Wednesday, October 8, 2008

More Green = Less Green?

I've long been a supporter of the so-called green movement and I'm encouraged to see it succeeding in everyday life, from people determined to buying cars with better gas mileage to shoppers using fewer disposable bags to homeowners replacing their incandescent light bulbs with compact fluorescent lights.

The increase in these types of actions, to me, is all great news. It means we're conserving our resources, helping to make our world more sustainable, and also in many cases saving money.

Which is where I'm getting increasingly curious as to whether or not the green movement is causing at least part of the readjustment in the stock markets.

Considering the fact that Americans are driving less year over year and that cars are getting more efficient, it should help to cut back on money spent on gasoline. Additionally, if people are using reusable bags to carry their groceries, that's another huge source of petroleum that is not wasted. Or having people use more energy efficient light bulbs means saving money on electric bills. All of these initiatives and others inevitably will result in less money for the oil, electric, and industrial companies. And as these initiatives increase across the country and worldwide, it will have a major impact on corporate bottom lines... read: less profit.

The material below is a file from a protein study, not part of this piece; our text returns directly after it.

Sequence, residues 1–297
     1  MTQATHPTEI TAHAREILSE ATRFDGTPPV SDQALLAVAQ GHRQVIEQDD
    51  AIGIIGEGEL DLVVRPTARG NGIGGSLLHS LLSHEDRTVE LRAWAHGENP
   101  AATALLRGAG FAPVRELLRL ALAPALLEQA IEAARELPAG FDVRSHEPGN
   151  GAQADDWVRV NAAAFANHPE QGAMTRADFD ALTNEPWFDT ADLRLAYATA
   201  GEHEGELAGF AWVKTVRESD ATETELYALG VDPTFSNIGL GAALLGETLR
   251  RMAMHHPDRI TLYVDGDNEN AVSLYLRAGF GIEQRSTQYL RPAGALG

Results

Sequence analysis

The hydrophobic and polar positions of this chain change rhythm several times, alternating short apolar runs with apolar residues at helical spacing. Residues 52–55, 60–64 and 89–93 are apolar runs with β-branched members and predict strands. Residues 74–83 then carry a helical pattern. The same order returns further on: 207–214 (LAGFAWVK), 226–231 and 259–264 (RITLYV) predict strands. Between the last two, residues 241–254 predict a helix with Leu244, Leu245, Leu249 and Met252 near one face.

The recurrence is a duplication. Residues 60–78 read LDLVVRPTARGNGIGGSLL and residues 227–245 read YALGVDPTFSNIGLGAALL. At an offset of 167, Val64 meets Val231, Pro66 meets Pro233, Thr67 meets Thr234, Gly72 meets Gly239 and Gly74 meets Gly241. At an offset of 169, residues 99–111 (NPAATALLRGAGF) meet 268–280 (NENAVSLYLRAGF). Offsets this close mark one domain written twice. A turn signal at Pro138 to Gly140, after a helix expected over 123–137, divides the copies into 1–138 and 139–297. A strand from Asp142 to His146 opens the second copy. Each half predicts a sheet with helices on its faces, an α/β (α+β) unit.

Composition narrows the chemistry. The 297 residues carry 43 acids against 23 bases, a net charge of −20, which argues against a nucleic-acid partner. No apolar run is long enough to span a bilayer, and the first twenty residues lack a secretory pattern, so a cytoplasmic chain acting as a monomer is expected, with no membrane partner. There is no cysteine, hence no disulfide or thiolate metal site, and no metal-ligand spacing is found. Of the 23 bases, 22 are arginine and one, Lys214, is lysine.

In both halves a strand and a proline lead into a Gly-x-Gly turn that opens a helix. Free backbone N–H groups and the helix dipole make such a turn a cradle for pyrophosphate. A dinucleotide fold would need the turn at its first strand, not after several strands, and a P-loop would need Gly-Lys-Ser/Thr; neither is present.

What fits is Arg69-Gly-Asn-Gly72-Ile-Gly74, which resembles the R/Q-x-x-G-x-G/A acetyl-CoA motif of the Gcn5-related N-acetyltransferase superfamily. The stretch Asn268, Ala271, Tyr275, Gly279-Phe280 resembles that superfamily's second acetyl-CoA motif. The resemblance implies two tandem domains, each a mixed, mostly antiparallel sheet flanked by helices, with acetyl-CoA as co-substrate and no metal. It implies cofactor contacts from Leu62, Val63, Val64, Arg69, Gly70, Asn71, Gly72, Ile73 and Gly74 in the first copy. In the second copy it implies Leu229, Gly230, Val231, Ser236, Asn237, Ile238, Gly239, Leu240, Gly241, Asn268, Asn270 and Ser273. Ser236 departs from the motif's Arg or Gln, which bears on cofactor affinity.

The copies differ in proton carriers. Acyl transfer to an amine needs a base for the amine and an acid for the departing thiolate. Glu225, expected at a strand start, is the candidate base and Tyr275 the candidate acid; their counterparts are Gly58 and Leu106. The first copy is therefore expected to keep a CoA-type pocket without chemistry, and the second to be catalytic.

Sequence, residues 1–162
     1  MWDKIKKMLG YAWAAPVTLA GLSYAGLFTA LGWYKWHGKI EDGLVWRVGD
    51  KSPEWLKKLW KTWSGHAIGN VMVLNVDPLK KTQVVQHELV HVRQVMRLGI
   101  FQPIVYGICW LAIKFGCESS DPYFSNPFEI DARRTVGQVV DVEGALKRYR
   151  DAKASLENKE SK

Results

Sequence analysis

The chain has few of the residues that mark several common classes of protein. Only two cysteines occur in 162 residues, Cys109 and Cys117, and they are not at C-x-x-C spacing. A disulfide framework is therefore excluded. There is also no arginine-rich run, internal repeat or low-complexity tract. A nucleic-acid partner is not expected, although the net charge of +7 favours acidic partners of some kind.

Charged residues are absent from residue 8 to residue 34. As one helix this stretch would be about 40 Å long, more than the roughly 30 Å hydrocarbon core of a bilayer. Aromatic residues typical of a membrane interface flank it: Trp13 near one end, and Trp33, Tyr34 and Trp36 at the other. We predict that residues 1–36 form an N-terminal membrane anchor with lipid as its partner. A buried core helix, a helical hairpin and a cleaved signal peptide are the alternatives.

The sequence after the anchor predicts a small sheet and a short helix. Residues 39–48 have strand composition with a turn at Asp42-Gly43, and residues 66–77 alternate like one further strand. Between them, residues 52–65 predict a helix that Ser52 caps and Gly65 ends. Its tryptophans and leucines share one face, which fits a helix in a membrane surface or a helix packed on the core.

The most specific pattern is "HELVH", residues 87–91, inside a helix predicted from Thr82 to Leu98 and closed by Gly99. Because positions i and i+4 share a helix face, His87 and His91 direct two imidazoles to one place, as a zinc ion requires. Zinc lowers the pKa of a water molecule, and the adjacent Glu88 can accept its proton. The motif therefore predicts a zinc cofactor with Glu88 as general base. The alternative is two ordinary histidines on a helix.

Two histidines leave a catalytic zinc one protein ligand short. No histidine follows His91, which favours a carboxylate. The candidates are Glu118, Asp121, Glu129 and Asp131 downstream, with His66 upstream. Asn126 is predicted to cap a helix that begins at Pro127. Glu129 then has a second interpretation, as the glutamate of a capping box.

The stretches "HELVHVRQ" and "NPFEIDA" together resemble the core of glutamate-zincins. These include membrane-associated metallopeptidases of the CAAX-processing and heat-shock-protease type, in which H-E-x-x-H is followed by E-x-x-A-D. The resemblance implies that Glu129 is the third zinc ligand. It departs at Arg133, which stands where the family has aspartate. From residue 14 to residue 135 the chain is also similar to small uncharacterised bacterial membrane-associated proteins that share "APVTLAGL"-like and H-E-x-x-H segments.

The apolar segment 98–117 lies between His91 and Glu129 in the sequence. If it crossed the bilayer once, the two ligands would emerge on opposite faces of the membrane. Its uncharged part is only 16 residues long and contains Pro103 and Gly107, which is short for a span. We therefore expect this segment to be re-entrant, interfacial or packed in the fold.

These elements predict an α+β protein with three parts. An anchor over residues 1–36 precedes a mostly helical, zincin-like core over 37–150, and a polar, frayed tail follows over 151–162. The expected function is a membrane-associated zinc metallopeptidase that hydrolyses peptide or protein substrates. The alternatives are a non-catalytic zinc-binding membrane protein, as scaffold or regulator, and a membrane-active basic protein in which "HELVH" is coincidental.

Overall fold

So perhaps part of the sell-off on Wall Street and other stock markets around the world is a result of this fundamental change in society of being more green. If less money is being wasted on oil, electricity, etc. then it means more money to spend elsewhere, but it would also mean less money for those industries and fewer jobs. The net result could end up in people saving more money, or it could result in deflation which could shake up the entire system. Perhaps it will be the starting point of taking wasted money away from companies and putting it back in consumers' pockets, which means a fundamental change in the way we spend money in the future.

I'm clearly not an economist, just a rational observer of what's going on and I would be curious to learn more about the impact of green practices on the bottom line regarding corporate greenbacks. Eventually we'll start to see long term trends, but in the meantime we will have to do our best to adjust to the changes.

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